Indonesian reefs are a valuable natural resource. The Lewtobi Village government, Ile Bura District, East Flores, NTT Province, reaffirmed the importance of keeping the tradition of caring for marine ecosystems through village regulations, appropriately named the ‘Coastal and Marine Protection Regulation’, which were put in place by their ancestors. Lewotoni Village Tarsisius Chief Buto Muda, told  The Voice of Flores,  that the villagers grow and develop through cultural and ecological bases.   “Our villagers are generally farmers and fishermen – we’re all very close to nature. Though there is a strong tradition of caring for the universe, we, as a village, took up the initiative to ensure this tradition would remain steadfast. This was done through the creation of village regulations that are binding for all villagers. The regulations are preventative measures so that our children and grandchildren will uphold the traditions of caring for the land and sea that have been lived for years and years.”      

  

    
       
      
         
          
             
                  
             
          

          

         
      
       
    

  


     Tasisius went on to explain how regulation of village coastal and marine protection is assisted by NGO Misool Baseftin, an institution that pay attention to coastal and marine protection. Caring for these ecosystems has a positive impact on the residents as more and more fish are acquired by the fishermen.   “Residents who go down to the sea do not need to sail far to find a lot of fish. On the coast, sea turtles come and lay eggs – there are no residents who take or kill turtle eggs, aside from the one day a year when a turtle is taken as an offering in a traditional ceremony,” Tasisius said.   Fabianus Boli Uran, a Lewtobi villager, explained there was one phrase in the local language, which reads, ‘Lewo rae hojo majen kne’e aitapi’, which explicitly means a turtle lying eggs will be taken as part of offerings, and slaughtered on a statuette named Wato Kea.   This ceremony was formally reported to the East Flores district Fisheries and Marin Service. Though government rules do not permit the killing of sea turtles, an allowance was made for long-standing customary traditions. This tradition is believed to be part of asking for blessings so that the universe will provide good fortune to both farmers and fishermen.   Fabianus also added that in the village of Lewtobi, there was one special clan by the name  Uran,  which had been entrusted with the preservation of the sea. The tribal heads or elders of this tribe therefore, have the authority to give customary sanctions to residents who damage coral reefs or are caught using poison to catch fish.       Written by Hengky Ola Sura.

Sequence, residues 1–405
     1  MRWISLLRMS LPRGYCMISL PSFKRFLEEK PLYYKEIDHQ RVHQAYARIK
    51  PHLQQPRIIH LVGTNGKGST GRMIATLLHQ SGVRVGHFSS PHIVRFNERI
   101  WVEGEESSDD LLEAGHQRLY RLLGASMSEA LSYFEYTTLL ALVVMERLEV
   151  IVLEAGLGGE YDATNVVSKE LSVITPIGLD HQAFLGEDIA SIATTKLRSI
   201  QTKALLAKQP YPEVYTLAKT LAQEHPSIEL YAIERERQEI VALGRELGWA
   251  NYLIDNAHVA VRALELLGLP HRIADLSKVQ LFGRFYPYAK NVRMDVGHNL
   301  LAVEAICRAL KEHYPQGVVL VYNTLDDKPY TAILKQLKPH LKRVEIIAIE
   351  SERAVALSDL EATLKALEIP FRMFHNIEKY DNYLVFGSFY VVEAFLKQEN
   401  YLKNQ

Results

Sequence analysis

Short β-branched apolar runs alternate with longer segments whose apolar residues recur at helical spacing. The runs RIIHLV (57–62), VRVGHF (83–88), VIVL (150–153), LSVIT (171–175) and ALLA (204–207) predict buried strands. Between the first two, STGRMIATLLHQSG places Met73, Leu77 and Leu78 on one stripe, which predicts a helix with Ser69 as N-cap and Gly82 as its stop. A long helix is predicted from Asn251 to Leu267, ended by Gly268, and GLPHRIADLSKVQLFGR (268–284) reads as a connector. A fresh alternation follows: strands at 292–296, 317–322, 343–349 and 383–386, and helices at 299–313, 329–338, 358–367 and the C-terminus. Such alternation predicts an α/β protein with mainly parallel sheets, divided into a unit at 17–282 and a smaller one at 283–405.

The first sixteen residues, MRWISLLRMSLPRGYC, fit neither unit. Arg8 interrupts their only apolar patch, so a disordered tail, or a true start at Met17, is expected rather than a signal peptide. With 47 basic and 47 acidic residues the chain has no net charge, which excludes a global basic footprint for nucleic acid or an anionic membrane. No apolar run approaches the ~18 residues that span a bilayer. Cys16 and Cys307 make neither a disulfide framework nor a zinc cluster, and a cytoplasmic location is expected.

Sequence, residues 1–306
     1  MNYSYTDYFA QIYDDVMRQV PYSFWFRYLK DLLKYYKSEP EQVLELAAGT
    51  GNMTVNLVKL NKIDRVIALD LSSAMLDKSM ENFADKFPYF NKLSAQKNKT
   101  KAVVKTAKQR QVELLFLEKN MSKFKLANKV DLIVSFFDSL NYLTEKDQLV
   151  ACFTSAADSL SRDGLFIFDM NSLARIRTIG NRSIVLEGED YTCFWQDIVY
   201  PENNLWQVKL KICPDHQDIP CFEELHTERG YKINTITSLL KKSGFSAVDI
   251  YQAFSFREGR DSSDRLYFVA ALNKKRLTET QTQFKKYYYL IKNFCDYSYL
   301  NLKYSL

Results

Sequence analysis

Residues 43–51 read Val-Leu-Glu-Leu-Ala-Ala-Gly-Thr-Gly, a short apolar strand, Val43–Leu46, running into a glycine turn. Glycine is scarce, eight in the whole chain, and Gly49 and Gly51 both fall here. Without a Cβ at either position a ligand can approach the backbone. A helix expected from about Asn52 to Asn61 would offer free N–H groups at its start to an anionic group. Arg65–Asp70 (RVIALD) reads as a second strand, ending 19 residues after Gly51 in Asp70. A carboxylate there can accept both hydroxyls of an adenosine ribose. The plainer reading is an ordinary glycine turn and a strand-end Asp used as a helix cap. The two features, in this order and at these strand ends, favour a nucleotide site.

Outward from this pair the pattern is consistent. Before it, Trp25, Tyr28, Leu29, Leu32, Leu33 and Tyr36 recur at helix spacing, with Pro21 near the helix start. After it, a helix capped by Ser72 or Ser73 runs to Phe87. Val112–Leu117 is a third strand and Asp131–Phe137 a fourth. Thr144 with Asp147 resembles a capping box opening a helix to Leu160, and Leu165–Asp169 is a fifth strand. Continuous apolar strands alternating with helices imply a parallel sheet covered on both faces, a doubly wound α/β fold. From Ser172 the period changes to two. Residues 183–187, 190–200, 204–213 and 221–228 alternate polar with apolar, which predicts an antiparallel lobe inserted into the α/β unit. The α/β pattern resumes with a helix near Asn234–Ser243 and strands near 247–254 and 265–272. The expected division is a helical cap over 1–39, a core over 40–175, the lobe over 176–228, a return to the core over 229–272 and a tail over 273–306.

Indonesian reefs are a valuable natural resource. The Lewtobi Village government, Ile Bura District, East Flores, NTT Province, reaffirmed the importance of keeping the tradition of caring for marine ecosystems through village regulations, appropriately named the ‘Coastal and Marine Protection Regulation’, which were put in place by their ancestors. Lewotoni Village Tarsisius Chief Buto Muda, told The Voice of Flores, that the villagers grow and develop through cultural and ecological bases.

“Our villagers are generally farmers and fishermen – we’re all very close to nature. Though there is a strong tradition of caring for the universe, we, as a village, took up the initiative to ensure this tradition would remain steadfast. This was done through the creation of village regulations that are binding for all villagers. The regulations are preventative measures so that our children and grandchildren will uphold the traditions of caring for the land and sea that have been lived for years and years.”

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Tasisius went on to explain how regulation of village coastal and marine protection is assisted by NGO Misool Baseftin, an institution that pay attention to coastal and marine protection. Caring for these ecosystems has a positive impact on the residents as more and more fish are acquired by the fishermen.

“Residents who go down to the sea do not need to sail far to find a lot of fish. On the coast, sea turtles come and lay eggs – there are no residents who take or kill turtle eggs, aside from the one day a year when a turtle is taken as an offering in a traditional ceremony,” Tasisius said.

Fabianus Boli Uran, a Lewtobi villager, explained there was one phrase in the local language, which reads, ‘Lewo rae hojo majen kne’e aitapi’, which explicitly means a turtle lying eggs will be taken as part of offerings, and slaughtered on a statuette named Wato Kea.

This ceremony was formally reported to the East Flores district Fisheries and Marin Service. Though government rules do not permit the killing of sea turtles, an allowance was made for long-standing customary traditions. This tradition is believed to be part of asking for blessings so that the universe will provide good fortune to both farmers and fishermen.

Fabianus also added that in the village of Lewtobi, there was one special clan by the name Uran, which had been entrusted with the preservation of the sea. The tribal heads or elders of this tribe therefore, have the authority to give customary sanctions to residents who damage coral reefs or are caught using poison to catch fish.

Written by Hengky Ola Sura.